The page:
Word of advice: If you are ever in the market for a nice satchel-like laptop carrying case, make sure it doesn't have an adjustable strap.
I have just such a bag, I use it to carry my laptop and assorted paper product to college. Walking, going up and down stairs, and even picking up the backpack introduces entropy into the oh so cleverly designed laptop carrying case- which does not have both ends of sewn directly into the fabric of the bag. So of coarse the strap gradually works its way loose until I'm walking down the stairs and -whack-
My laptop is on the floor, and the strap completely loose from its adjustable attachment. This is where, my friends, our story comes to the real WTF: the wounders of dell engineering.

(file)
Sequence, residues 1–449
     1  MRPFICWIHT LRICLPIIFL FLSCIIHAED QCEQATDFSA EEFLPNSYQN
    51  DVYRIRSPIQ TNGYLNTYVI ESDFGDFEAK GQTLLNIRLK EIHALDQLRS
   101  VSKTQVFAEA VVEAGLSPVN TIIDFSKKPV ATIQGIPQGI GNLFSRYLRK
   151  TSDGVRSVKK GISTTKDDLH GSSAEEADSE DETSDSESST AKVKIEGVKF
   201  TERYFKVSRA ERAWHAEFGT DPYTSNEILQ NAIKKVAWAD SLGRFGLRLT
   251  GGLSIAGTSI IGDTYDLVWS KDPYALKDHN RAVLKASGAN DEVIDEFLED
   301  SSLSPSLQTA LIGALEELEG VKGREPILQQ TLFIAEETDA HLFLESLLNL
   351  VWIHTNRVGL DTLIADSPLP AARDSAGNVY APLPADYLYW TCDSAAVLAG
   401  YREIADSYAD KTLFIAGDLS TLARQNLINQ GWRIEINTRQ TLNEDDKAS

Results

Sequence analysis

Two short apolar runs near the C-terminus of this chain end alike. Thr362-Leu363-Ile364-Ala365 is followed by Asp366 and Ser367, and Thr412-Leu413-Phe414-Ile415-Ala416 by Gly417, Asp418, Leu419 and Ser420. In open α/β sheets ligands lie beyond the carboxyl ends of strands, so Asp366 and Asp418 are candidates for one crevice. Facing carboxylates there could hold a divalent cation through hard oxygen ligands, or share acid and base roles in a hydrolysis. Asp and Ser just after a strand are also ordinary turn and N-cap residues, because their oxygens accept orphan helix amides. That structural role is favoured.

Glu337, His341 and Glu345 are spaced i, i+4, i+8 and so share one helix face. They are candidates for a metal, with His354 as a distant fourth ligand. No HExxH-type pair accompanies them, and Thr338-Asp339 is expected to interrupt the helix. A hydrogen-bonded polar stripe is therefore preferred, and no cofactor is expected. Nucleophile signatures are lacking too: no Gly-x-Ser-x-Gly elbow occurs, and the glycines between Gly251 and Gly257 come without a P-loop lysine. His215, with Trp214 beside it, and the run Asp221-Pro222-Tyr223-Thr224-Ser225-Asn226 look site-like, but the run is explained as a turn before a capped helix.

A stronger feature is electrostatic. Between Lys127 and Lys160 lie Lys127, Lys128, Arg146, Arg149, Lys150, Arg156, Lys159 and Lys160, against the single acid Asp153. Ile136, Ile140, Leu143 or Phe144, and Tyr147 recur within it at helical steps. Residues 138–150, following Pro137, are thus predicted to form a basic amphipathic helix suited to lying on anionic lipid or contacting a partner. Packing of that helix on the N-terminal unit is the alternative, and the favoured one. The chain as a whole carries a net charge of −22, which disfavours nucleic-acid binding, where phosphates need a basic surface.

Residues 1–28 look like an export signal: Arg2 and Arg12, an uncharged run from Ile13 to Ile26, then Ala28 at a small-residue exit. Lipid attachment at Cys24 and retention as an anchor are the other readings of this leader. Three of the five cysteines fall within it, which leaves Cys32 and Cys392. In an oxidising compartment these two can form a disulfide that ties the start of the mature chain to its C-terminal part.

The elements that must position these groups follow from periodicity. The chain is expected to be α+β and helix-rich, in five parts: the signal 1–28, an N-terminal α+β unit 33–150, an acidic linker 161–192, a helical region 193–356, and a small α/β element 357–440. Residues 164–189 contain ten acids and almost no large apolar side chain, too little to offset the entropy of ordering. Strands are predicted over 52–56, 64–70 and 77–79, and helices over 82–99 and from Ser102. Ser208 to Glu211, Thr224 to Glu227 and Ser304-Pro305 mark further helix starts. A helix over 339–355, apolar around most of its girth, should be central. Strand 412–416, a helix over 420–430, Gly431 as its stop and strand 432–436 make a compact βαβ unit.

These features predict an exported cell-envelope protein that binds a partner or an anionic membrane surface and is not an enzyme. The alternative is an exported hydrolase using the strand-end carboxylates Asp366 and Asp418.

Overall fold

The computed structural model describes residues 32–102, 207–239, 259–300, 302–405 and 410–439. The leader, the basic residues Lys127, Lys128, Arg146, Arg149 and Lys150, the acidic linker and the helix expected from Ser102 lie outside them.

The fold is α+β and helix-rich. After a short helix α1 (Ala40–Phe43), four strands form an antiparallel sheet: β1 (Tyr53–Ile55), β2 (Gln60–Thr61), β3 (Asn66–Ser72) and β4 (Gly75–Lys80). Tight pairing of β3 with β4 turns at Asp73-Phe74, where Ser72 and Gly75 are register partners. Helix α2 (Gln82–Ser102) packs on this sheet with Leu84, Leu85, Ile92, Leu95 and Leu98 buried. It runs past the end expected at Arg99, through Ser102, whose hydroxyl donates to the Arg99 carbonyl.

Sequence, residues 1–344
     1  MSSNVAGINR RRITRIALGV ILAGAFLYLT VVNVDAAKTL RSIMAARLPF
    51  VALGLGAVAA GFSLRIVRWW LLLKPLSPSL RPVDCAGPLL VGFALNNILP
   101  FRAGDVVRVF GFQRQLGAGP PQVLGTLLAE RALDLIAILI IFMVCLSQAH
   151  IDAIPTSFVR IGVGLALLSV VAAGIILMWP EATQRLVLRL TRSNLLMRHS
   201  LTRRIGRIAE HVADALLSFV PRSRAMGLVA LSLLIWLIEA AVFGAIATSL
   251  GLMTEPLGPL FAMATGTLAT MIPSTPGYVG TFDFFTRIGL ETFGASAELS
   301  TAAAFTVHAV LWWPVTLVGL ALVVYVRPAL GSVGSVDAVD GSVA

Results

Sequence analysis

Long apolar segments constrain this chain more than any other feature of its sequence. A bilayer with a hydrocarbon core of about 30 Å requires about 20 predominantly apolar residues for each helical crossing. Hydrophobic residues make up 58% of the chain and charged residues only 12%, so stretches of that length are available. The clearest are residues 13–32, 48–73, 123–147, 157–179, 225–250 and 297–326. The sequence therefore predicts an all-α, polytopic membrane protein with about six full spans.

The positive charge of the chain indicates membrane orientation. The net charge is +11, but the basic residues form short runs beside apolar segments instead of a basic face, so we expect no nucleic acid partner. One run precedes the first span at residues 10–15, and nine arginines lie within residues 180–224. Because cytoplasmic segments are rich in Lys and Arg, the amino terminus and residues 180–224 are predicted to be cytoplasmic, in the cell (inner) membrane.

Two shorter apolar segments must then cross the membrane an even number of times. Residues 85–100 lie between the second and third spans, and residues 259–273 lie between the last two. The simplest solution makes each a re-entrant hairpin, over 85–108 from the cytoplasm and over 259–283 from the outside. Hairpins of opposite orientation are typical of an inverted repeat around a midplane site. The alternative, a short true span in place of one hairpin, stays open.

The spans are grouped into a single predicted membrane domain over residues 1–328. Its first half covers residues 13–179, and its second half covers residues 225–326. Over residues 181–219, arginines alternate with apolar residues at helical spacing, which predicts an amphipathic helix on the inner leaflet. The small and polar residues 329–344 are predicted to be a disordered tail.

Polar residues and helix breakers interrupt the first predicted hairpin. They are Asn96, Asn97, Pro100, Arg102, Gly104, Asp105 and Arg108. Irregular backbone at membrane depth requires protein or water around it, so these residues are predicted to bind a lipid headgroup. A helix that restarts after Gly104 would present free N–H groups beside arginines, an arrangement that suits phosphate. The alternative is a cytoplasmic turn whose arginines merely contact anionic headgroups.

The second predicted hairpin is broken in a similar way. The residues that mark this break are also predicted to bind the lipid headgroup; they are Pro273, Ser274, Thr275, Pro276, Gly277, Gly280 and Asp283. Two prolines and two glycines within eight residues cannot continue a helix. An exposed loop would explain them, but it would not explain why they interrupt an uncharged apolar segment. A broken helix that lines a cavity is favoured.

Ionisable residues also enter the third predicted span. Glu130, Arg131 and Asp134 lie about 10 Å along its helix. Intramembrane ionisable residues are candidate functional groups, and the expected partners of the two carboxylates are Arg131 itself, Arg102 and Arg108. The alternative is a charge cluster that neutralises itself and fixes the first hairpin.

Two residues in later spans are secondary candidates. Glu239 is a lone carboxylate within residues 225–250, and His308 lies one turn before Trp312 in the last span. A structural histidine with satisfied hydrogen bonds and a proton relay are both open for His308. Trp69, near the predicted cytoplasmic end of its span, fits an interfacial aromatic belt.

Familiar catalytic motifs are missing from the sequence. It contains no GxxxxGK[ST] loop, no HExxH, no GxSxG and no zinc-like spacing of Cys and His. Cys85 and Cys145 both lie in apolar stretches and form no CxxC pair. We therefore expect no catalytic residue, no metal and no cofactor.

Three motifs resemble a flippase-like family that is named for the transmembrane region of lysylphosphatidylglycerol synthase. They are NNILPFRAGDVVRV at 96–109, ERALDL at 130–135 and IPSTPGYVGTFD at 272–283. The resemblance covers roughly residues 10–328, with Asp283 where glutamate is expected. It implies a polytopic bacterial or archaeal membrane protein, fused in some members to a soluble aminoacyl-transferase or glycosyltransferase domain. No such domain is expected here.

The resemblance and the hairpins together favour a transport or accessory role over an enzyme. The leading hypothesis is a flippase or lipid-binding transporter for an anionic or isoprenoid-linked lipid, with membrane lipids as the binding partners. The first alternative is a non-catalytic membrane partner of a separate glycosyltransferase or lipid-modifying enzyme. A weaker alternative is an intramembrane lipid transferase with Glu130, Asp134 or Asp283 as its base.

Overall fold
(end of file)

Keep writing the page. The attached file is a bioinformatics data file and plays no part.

Why yes, the on/off switch of the Dell studio is build into the hinge, set on the corner, placing it in the most damage prone part of the laptop. Sadly this button is not one of those near indestructible cylindrical push buttons, but rather a fragile arrangement of decorative plastic over some form of circuit-board switch. I can see this circuit board after my dependable satchel introduced my laptop to the floor. Needless to say, I have to resort to a rather arcane method of turning the laptop on until the new LCD back-plate comes in next week.